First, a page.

That dost this habitation, where thou keep'st, Jo profiting by them. Nay, call us ten times frail ; Hourly afflict : merely, thou art death's fool; For we are soft as our complexions are,

For him thou labour'st by thy flight to shun, And credulous to false prints.

And yet run'st toward him still : Thou art not noble; Ang.

I think it well :

For all the accommodations that thou bear'st, And from this testimony of your own sex, Are nurs'a by baseness : Thou art by no means (Sioce, I suppose, we are made to be no stronger

valiant ; Than faults may shake our frames,) let me be bold; For thoa dost fear the soft and tender fork I do arrest your words; Be that you are,

of a poor worm: Thy best of rest is sleep, That is, a woman; if you be more, you're none;

And that thou oft provok'st; yet grossly fear'st If you be one, (as you are well express'd

Thy death, which is no more. Thou art not thyself ; By all external warrants,) show it now,

For thon exist'st on many a thousand grains By putting on the destin'd livery.

That issue out of dust: Happy thou art not: Isab. I have no tongue bat one: gentle my lord, For what thou hast not, still thou striv'st to get; Let me intreat you speak the former language. And what thou hast, forget'st: Thou art not certain; Ang. Plainly conceive, I love you.

For thy complexion shifts to strange effects, Isab. My brother did love Juliet'; and you tell me, After

the moon: If thon art rich, thou art poor; That be shall die for it.

For, like an ass, whose back with ingots bows, Ang. He shall not, Isabel, if you give me love. Thou bear’st thy heavy riches but a journey, Isah. I know, your virtue bath a licence in't,

And death unloads thee: Friend hast thou none; Which seems a little fouler than it is,

For thine own bowels, which do call thee sire, To plack on others.

The mere effusion of thy proper loins,
Ang.
Believe me, on mine honour,

Do curse the gout, serpigo, and the rheum,
My words express my purpose.

For ending thee po sooner : Thou hast nor youth, Isab. Ha! little honour to be much believ'd,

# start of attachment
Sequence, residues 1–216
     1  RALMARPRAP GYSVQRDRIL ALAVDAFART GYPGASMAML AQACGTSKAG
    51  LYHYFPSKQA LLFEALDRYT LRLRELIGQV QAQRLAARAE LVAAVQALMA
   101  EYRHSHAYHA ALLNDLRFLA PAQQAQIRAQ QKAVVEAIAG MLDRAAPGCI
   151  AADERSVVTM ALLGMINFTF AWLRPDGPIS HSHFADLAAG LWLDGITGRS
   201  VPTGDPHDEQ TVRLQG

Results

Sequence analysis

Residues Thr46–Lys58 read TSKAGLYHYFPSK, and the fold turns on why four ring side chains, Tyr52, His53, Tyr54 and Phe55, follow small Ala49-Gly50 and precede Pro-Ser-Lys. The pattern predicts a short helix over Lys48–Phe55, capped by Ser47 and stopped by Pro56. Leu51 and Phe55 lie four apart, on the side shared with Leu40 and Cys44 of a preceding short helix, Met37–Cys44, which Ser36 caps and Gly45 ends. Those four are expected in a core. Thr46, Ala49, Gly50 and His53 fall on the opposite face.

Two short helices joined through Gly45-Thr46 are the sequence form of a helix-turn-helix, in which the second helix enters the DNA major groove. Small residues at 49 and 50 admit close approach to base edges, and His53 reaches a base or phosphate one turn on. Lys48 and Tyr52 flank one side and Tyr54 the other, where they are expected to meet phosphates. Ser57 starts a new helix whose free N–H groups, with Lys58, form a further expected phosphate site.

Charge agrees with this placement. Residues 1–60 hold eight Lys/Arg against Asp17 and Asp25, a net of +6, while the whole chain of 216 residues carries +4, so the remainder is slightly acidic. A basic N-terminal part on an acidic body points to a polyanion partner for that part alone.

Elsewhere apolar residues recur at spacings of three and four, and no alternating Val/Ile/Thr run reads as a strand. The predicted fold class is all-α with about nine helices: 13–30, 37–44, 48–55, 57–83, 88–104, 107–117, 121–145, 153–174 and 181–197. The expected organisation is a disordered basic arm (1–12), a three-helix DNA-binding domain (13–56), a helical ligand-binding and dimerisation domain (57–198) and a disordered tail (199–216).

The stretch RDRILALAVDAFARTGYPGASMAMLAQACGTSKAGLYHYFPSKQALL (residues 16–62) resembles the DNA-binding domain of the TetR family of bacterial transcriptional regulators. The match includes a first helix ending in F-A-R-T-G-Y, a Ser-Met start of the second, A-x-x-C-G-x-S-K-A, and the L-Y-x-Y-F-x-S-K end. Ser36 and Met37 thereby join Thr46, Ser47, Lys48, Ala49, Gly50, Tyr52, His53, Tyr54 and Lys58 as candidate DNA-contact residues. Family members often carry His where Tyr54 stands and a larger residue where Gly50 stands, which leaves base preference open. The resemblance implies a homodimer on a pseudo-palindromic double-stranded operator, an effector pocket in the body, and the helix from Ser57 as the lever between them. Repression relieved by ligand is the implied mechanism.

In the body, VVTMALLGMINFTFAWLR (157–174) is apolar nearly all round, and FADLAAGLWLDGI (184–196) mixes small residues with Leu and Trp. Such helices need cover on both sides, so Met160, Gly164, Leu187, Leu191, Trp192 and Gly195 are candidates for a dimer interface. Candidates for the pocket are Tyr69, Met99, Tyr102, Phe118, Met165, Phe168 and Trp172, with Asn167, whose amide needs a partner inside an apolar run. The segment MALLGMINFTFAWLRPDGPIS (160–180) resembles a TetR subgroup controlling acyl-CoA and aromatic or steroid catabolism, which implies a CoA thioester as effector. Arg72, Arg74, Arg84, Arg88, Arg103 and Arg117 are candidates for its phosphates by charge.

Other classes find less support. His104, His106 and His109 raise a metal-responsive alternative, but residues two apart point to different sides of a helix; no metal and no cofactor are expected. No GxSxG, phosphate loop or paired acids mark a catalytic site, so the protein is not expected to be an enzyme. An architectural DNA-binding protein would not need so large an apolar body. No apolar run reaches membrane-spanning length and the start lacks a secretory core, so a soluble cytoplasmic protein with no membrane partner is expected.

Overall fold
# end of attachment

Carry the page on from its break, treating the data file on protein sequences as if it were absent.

nor age; ' And most pernicious purpose !--Seeming, seem

But, as it were, an after-dinner's sleep, I will proclaim thee, Angelo; look for't:

[ing! Dreaming on both : for all thy blessed youth Siga me a present pardon for my brother,

Becomes as aged, and doth beg the alms Or, with an outstretch'd throat, I'll tell the world of palsied eld; and when thou art old, and rich, Aload, what man thou art.

Thou hast neitherheat, affection, limb, nor beauty, Ang. Who will believe thee, Isabel ?

To make thy riches pleasant. What's yet in this, My gasoild name, the aastereness of my life, That bears the name of life? Yet in this life My roach against you, and my place i' the state, Lie hid more thousand deaths: yet death we fear, Will so your accasation overweigh,

That makes these odds all even. That yoa shall stifle in your own report,

Claud.

I humbly thank you. And smell of calampy. I have begun;

To sue to live, I find, I seek to die; And now I give my sensual race the reign :

And, seeking death, find life : Let it come on. Fit thy consent to my sharp appetite; Lay by all nicety, and prolixious blushes,

Enter ISABELLA. That banish what they sue for; redeem thy brother Isab. What, ho! Peace bere ; grace and good By yielding up thy body to my will;

company!

(a welcome. Or else be most not only die the death,

Prou. Who's there? come in : the wish deserves Bat tby unkindness shall his death draw out Duke. Dear sir, ere long I'll visit you again. To lingering sufferance: answer me to-morrow, Claud. Most holy sir, I thank you. Or, by the affection that now guides me most, Isab. My business is a word or two with Claudio. Il prove a tyrant to bim : As for you,

Prov. And very welcome. Look, signior, here's bay wbat you can, my false o'erweighs your true.

[Exit. Duke. Provost, a word with you.

your sister.